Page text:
Peter Merrill, Campus Carrier news editor
On Sept. 12, troops from Azerbaijan violated the terms of a ceasefire and advanced into the Syunik and Gegharkunik regions of Armenia. The fighting, which lasted for two days, resulted in nearly 300 deaths, and both countries blamed the other for the aggression.
Assistant Professor of History Kelsey Rice, who conducts much of her research on Azerbaijan, said that in 2020, while the world was distracted by the pandemic, Azeri forces reclaimed much of the Karabakh region, which had been occupied by Armenia since a ceasefire in 1994. Karabakh is a culturally significant region to both Azeris and Armenians, although it has an Armenian majority.
“Armenia is saying that [the attacks] are fairly unprovoked and that Azerbaijan is testing Russia’s commitment to maintaining the ceasefire and they’re trying to push their lines deeper into Armenian held territory,” Rice said. “Azerbaijan says that there have been Armenian provocations, from Armenian soldiers, and that Armenia has been dragging its feet on fulfilling some of the components of the ceasefire and handing over certain territories and responsibilities to Azerbaijan.”
Rice said that Russia considers any former Soviet states part of its sphere of influence, and because both Azerbaijan and Armenia were both Soviet republics, Russia has an incentive to stabilize the region.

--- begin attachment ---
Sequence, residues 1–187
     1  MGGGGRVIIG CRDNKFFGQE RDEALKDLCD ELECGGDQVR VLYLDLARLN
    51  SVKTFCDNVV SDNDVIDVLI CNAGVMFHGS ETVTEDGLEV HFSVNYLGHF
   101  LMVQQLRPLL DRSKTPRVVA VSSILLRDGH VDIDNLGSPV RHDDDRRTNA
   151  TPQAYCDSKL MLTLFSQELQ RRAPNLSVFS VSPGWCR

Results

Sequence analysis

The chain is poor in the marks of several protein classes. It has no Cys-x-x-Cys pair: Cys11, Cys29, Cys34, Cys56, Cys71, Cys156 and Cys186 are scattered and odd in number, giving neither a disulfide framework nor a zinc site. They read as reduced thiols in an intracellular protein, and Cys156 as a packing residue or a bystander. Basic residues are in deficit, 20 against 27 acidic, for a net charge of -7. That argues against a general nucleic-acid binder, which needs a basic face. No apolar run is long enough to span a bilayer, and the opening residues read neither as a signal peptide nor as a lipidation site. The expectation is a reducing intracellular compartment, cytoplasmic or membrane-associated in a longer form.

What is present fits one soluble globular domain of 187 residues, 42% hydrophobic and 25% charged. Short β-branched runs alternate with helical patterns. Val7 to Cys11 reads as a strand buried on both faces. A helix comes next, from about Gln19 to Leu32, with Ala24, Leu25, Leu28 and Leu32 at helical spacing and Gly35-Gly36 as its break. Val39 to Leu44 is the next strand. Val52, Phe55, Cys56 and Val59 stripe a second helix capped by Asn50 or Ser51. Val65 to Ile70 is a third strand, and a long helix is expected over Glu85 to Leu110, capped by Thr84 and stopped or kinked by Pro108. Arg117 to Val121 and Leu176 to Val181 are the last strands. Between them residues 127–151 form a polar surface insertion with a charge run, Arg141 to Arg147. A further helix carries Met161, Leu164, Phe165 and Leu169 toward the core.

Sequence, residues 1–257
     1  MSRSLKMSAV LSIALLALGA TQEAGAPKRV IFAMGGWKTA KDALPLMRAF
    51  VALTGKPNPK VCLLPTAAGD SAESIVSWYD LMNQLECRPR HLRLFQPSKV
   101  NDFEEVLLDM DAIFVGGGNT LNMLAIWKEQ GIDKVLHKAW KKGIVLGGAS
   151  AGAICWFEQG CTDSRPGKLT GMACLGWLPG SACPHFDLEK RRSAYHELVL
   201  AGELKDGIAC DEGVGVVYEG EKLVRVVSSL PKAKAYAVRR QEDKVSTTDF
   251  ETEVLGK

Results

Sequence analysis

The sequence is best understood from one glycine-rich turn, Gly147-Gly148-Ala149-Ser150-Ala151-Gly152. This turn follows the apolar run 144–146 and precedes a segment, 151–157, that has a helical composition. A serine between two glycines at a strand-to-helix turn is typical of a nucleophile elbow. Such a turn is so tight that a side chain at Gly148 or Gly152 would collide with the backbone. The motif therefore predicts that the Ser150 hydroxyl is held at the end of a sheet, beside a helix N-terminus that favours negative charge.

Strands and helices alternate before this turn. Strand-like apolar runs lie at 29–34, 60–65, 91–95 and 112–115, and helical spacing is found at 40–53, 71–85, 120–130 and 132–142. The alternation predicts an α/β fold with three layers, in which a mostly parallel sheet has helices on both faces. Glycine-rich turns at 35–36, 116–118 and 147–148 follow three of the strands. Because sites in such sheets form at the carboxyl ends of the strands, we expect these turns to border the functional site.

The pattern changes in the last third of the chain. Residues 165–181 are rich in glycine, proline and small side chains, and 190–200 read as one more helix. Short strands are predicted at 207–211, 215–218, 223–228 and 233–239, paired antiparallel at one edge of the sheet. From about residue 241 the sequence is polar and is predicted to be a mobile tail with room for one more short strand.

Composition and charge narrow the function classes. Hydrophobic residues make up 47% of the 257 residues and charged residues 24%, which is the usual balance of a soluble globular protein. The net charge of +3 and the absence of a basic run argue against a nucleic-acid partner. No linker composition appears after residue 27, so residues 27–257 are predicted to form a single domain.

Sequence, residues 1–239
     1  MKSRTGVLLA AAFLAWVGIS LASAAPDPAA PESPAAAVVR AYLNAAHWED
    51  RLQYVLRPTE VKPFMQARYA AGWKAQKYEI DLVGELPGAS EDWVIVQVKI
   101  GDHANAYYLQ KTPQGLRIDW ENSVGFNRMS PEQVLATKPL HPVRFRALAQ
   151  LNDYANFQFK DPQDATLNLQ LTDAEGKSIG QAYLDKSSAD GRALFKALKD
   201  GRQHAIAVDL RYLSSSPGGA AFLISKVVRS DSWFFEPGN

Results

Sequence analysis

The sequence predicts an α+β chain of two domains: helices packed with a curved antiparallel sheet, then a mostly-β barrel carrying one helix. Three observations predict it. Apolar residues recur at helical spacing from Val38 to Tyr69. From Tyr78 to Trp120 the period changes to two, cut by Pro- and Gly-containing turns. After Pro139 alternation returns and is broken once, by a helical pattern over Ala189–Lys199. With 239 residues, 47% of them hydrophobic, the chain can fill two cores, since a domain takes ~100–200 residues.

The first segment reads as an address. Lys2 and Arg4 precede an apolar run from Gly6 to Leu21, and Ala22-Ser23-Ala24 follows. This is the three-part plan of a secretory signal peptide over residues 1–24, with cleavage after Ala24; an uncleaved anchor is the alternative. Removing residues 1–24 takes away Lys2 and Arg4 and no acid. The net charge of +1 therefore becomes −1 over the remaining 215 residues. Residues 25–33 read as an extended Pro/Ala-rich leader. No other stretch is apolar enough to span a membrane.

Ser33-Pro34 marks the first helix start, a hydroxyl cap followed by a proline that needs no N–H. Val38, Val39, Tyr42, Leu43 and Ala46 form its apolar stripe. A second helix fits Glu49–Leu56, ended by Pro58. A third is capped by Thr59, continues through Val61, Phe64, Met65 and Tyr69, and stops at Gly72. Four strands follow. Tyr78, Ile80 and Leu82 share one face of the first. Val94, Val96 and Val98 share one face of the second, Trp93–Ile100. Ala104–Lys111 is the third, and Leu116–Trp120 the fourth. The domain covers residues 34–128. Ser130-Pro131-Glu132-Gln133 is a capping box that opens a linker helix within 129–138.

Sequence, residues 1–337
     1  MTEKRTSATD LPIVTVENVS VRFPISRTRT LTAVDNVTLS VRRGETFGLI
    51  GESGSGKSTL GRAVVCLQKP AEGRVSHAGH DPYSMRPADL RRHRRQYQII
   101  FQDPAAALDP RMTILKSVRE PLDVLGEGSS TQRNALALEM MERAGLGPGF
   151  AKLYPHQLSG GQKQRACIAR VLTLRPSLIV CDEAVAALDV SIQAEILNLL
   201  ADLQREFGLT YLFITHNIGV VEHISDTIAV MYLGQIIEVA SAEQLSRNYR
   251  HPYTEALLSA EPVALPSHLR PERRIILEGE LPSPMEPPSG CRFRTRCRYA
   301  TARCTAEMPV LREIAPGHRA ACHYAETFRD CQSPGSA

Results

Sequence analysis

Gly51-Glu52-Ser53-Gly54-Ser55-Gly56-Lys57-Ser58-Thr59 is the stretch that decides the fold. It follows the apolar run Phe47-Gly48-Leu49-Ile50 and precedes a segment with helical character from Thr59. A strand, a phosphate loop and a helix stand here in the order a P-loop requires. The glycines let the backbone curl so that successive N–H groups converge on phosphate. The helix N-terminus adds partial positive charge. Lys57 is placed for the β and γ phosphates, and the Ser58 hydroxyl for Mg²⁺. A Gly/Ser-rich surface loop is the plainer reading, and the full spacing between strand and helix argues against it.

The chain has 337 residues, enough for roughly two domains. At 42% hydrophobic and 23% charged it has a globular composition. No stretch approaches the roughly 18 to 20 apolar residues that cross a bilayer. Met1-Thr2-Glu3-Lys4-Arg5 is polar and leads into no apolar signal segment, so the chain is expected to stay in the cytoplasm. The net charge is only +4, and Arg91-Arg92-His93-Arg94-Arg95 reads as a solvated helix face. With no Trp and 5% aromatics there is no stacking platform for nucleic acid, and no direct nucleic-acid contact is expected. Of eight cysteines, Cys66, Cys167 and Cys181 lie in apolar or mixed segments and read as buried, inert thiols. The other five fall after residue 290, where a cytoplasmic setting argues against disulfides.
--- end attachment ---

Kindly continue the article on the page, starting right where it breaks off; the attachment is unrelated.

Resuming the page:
“When the Soviet socialist republics were created, there was a dispute between Soviet Armenia and Soviet Azerbaijan as to whether Karabakh would be Azerbaijani or Armenian,” Rice said. “An agreement was made that Karabakh would be part of the Soviet socialist republic of Azerbaijan, but it would be [able to act autonomously].”
Because the region was autonomous under the Soviet Union, Karabakh became contested again in the late 1980s as Soviet power began to unravel. This dispute culminated in a war that lasted from the fall of the Soviet Union in 1991 to 1994. Armenia succeeded in holding the territory, and a ceasefire was enacted until 2020.
Although Russia, the regional power, has mostly remained impartial and the United States has not acted, another country has become very involved, on behalf of Azerbaijan: Turkey.
“Azerbaijan and Turkey are very close,” Rice said. “There’s a saying in Azerbaijan, ‘iki dövlət, bir millət,’ which means ‘two countries, one nation.’ Azerbaijanis identify very strongly as Turks. Since independence, the two nations have had a very close relationship. And Turkey has long had a very bad relationship with Armenia.”
John Hickman, professor of international affairs, explained the connection between the Ottoman Empire and modern-day Turkey.
“[Turkey] and the [Ottoman Empire] are not that distinct,” Hickman said. “You may have heard Donald Trump and some other conservatives talk about the deep state. This is the idea that a conspiratorial group of people in the security services conspiring somehow. That’s silly in the U.S, but the deep state, that term comes from the Ottoman Empire, from the transition from the Ottoman Empire to the Turkish Republic. It was people in the security services, Turkish nationalists around Ataturk. They did in fact, organize the transition, and saw themselves as the saviors of Turkey.”